Move over or slow down: time for law
RACQ has called on the State Government to honour its election promise and investigate new laws which required motorists to move over or slow down at crashes, breakdowns and roadside incidents.
Club spokesperson Paul Turner urged the State’s leaders to waste no time and get to work on the law which would protect the lives of first responders including RACQ’s Traffic Response Officers.
“It’s National Road Safety Week (NRSW) which has strong affiliations with roadside incident crews and the vulnerable and stranded drivers they work to protect so now is the perfect time to put words into action,” Mr Turner said.
“SARAH Group, which started the Yellow Ribbon NRSW, was created after Sarah Frazer died when her broken down car and the tow-truck driver who was helping her were struck by a truck traveling too close.
“During the campaign, Labor promised to investigate new laws to stop this happening in Queensland, and we are imploring the Government not to wait for another tragedy to strike.”
Mr Turner said if motorists gave more space when they came across these roadside incidents, they would better protect emergency services, RACQ traffic response officers and tow truck drivers, and its members.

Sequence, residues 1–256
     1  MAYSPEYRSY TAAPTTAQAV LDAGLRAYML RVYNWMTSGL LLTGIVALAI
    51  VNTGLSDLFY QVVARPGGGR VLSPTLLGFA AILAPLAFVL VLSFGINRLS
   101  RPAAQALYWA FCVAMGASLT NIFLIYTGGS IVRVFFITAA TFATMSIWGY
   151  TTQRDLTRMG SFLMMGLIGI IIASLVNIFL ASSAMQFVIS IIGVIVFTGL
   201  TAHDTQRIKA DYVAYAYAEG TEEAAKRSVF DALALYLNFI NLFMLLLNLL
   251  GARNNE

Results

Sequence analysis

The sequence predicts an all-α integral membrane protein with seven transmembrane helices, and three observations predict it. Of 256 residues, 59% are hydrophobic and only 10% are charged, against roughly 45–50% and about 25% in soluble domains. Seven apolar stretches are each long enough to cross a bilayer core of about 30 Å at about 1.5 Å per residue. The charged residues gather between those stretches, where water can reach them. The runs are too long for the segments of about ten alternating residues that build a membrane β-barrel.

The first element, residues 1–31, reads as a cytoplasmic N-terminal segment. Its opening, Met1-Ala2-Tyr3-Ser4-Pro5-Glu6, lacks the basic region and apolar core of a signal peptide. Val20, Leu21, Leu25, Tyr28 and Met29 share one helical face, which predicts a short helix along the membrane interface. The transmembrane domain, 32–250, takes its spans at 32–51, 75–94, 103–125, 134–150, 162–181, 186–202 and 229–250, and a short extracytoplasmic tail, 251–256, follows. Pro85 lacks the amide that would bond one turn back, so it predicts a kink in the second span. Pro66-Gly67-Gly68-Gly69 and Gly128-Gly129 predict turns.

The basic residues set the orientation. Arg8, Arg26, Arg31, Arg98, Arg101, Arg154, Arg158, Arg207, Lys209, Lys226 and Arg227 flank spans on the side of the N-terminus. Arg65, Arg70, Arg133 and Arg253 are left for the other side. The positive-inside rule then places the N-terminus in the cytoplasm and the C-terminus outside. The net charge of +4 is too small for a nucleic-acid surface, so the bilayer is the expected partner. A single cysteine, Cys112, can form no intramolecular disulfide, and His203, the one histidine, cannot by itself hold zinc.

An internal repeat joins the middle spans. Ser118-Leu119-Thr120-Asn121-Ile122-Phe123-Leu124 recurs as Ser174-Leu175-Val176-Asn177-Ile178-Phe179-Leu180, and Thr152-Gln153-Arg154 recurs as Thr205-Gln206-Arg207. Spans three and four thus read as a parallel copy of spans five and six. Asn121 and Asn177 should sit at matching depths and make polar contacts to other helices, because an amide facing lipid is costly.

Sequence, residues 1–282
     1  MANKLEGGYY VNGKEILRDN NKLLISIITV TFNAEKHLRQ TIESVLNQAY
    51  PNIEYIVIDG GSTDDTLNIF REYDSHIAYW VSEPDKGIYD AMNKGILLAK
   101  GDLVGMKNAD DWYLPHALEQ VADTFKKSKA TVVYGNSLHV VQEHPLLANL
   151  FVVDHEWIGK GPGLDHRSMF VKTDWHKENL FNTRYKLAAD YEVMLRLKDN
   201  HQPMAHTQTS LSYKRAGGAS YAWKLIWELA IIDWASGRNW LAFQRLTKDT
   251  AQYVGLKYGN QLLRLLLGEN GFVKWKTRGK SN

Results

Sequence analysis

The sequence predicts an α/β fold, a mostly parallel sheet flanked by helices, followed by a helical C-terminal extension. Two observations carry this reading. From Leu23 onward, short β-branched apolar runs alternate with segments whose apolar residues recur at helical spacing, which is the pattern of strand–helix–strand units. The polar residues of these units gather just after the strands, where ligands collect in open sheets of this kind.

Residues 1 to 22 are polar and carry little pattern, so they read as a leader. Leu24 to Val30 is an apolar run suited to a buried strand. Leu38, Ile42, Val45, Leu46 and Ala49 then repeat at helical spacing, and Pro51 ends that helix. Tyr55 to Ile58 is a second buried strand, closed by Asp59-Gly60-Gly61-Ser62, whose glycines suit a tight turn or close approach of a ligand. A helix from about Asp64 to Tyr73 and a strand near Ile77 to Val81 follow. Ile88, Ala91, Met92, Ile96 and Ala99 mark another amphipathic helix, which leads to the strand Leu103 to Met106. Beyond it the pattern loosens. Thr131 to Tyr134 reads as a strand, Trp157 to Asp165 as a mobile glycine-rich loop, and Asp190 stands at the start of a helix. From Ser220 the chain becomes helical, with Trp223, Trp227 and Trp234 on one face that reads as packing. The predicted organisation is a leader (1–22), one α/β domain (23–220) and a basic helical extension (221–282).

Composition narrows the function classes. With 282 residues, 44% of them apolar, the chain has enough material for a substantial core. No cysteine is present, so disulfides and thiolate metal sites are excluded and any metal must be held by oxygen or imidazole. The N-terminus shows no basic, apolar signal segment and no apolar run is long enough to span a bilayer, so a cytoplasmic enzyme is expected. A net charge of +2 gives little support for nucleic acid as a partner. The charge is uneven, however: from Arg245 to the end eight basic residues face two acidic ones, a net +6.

“It’s about moving over first - we want motorists to provide as much space as possible when passing vulnerable motorists at incidents, and those who are there to help them. If it isn’t possible to move over, then slow down when passing,” he said.
“These crews are working in highspeed, dangerous environments, often with vehicles flying past at 100 kilometres per hour just centimetres away
“Despite all the safety training they have, their lives land in the hands of those passing motorists and one wrong move could end in tragedy.
“The further away passing vehicles are, the less likely they’ll hit people at the incident. It’s that simple.
“We urge the State Government to investigate legislation as promised because it’s crucial we do everything we can to protect those doing their jobs helping stranded and vulnerable road users across Queensland.”